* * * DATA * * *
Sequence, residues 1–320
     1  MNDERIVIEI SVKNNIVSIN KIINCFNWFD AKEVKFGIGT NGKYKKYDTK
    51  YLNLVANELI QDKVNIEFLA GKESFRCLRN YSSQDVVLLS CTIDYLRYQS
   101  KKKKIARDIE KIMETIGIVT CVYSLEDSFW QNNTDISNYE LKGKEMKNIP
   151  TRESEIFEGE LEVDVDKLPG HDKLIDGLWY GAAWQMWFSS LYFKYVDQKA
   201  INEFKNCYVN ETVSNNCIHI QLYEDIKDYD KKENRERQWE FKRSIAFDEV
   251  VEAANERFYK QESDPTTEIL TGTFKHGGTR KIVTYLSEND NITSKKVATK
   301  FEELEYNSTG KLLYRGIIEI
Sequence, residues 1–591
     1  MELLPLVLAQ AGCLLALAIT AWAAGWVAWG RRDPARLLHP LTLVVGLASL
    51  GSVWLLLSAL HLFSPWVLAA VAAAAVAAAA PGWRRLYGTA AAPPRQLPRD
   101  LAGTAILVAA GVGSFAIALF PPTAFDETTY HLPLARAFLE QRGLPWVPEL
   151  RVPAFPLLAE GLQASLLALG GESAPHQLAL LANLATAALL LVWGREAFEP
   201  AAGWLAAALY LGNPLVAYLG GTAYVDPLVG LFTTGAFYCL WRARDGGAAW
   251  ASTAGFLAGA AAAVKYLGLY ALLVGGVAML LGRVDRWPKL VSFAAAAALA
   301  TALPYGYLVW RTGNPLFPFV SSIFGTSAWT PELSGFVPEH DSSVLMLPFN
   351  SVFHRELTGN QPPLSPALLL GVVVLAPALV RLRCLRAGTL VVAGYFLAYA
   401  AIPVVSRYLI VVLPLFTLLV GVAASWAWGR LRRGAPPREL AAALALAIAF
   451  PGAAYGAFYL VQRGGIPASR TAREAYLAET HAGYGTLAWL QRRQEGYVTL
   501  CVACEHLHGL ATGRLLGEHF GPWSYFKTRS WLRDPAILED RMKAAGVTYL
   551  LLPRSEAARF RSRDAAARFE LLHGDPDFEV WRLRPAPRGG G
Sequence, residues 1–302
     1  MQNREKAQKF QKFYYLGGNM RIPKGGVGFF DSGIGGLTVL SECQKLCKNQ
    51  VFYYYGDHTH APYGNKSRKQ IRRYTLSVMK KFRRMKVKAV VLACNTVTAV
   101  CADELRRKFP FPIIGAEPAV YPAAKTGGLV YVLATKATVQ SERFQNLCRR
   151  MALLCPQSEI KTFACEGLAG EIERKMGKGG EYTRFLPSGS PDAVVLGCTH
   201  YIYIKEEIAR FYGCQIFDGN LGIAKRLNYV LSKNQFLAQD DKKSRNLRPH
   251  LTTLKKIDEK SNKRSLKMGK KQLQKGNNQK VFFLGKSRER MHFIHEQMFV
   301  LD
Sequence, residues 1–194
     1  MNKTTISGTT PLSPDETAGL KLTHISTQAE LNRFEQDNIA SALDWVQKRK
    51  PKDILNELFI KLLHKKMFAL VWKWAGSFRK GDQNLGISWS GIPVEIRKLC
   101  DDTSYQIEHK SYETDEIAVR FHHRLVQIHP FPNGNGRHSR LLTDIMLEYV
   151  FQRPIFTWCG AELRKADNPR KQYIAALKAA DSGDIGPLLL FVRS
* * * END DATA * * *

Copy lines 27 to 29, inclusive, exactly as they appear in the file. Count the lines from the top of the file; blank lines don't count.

   201  YIYIKEEIAR FYGCQIFDGN LGIAKRLNYV LSKNQFLAQD DKKSRNLRPH
   251  LTTLKKIDEK SNKRSLKMGK KQLQKGNNQK VFFLGKSRER MHFIHEQMFV
   301  LD